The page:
rejoined the Human Rights Council in 2013 and continued to demonstrate a weak
record when engaging on country situations.
2015 Voting Record
Pakistan’s approach to addressing country situations noticeably deteriorated in 2014. It failed to support any resolution put to a vote in 2014 under the Council’s agenda Items 2, 4 and 10. The most visible shift in Pakistan’s voting record resulted in its now consistent abstentions on all resolutions on Syria, despite having supported several of them in previous years. Pakistan continued to oppose the resolution on Sri Lanka, and also played a leading role in taking action against it by presenting a hostile non-action motion aimed at adjourning the vote on the text. It justified this non-action motion by claiming a lack of UN funding available for the inquiry.
Pakistan voted against the resolution on North Korea, in spite of the extreme gravity of the situation in the country. Moreover, Pakistan opposed the resolution renewing the mandate of the Special Rapporteur on Iran and abstained on the resolutions on Belarus and Ukraine. It regrettably endorsed the March 2014 joint declaration put forward by Saudi Arabia that backed the government crackdown in Egypt, despite the massive rights violations it entailed.
Pakistan voted in favor of all resolutions focusing on the human rights situation in Palestine and other occupied Arab territories (OPT), which it tabled on behalf of the Organisation of Islamic Cooperation. The contrast between Pakistan’s votes on the resolutions on the OPTs and its votes on all other situations raises serious questions about double standards and selectivity.
The only resolutions Pakistan co-sponsored in 2014 were those that addressed the situation in Palestine and the resolution adopted during the special session on the situation in Iraq. In its rare oral interventions during country-specific debates, Pakistan often praised governments that violate human rights. Exceptions included its critical statements under Item 7 and a powerful statement delivered on behalf of the Organisation of Islamic Cooperation in March 2014 on the fate of the Rohingya Muslims in Burma’s Rakhine state.
On a positive note, Pakistan presented a new thematic initiative on the use of armed drones in counter-terrorism and military operations, leading to the convening of a panel discussion in September 2014.
In Pakistan’s explanation of vote on the Sri Lanka resolution in March 2014, it clarified its general opposition to country-specific resolution in principle, because they are “ineffective and counter-productive.” Pakistan stressed the importance of consent of the country concerned, and of the principles of sovereignty and territorial integrity of states. It also invoked the principles of objectivity, non-selectivity and non-politicization as its guiding vision. However, behind positions of principles and procedural arguments, Pakistan primarily rejects the clearly-defined mandate of the Council to address country situations, including those with gross and systematic violations, and to respond promptly to emergencies. With the pretext of addressing politicization and selectivity, Pakistan gives way to other forms of double standards and fails to support accountability for human rights violations committed in many parts of the world.
Pakistan should urgently reconsider its approach, commit to supporting the full implementation of the Council’s mandate, and refrain from expressing support to governments that fail to protect human rights.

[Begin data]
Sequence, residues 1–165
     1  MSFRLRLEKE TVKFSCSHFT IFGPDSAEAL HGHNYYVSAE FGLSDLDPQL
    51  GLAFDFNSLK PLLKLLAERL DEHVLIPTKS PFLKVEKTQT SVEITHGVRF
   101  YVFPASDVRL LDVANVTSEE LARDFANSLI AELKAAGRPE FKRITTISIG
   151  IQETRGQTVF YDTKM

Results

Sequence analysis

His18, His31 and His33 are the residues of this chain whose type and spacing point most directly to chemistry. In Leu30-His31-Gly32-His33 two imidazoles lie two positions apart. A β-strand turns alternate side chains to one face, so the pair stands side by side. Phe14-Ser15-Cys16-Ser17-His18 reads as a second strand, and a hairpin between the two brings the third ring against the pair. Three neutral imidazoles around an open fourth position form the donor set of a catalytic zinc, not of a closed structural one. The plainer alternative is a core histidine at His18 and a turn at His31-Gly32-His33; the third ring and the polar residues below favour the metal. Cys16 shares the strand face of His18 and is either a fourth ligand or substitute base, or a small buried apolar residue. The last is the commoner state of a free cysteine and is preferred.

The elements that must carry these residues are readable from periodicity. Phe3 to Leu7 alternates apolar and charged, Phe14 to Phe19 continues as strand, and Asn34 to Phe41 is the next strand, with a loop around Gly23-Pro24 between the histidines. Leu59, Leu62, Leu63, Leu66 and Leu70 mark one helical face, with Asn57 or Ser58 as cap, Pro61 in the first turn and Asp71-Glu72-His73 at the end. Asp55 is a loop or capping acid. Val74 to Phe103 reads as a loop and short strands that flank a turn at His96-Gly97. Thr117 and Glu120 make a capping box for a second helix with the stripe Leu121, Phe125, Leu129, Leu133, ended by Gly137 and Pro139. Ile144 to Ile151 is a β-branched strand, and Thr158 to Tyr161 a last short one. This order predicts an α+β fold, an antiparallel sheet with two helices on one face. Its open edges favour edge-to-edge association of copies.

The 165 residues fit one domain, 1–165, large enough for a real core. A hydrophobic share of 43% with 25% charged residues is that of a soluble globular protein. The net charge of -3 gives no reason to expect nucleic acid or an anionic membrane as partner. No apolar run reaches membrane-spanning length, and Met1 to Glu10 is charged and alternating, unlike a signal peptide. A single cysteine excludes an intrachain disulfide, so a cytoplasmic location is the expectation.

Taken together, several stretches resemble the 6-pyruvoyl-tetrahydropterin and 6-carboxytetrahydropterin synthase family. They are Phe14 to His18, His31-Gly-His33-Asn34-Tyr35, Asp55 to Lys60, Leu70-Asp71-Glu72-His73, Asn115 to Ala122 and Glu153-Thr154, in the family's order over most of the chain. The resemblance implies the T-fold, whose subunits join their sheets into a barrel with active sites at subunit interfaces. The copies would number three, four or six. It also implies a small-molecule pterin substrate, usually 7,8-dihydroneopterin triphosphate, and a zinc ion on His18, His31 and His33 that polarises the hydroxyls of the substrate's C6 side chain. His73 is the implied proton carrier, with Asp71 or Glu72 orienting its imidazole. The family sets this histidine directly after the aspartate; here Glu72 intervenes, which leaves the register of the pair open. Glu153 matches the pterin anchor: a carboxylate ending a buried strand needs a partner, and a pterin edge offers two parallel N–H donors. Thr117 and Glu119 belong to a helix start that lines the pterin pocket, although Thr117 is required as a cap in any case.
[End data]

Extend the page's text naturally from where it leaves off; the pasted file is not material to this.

Voting record in 2014
Support for key joint statements in 2014
Pakistan did not support a number of initiatives focusing on situations of human rights violations. Pakistan objected to resolutions supporting the extension of the Special Rapporteurs’ mandates on Iran and Belarus. Pakistan also voted against the resolution on accountability in Sri Lanka. Pakistan was not a signatory to the joint statements made expressing concern for the human rights situation in Bahrain.
Pakistan’s approach to the situation in Syria was somewhat different than its treatment of other country situations. It supported some Syria resolutions, but abstained on a resolution that called on Syria to cooperate with the commission of inquiry on Syria. Pakistan did not sign the joint statement calling for the Syrian case to be referred to the ICC.
Despite its poor record on resolutions focused on country situations, Pakistan continued to promote scrutiny of the situation in the Occupied Palestinian Territories in its capacity as coordinator of the Organization of the Islamic Conference. Pakistan voted in favor of all the resolutions focusing on the human rights situation in Palestine and other occupied Arab territories. Pakistan only co-sponsored resolutions adopted under agenda item 7 on Palestine and other occupied Arab territories.
As Organization of Islamic Cooperation chair, Pakistan also raised concerns about human rights violations affecting the Rohingya Muslim community in Burma and attacks against Muslims in general in the country. Pakistan’s action on Burma was instrumental in securing the adoption of a presidential statement urging Burmese authorities to immediately put an end to all acts of violence based on religion and to ensure accountability and end impunity for such abuses.
Pakistan did not intervene in any of the Council's debates on country situations, with the one exception being its response to the UN High Commissioner for Human Rights' update on the situation in Sri Lanka. Pakistan took the floor in defense of Sri Lanka's record and dismissed the Council's resolution on Sri Lanka as the product of a highly-politicized and discriminatory process.
could improve its performance on country-situations in the Council by being
less selective in its support for country-specific action.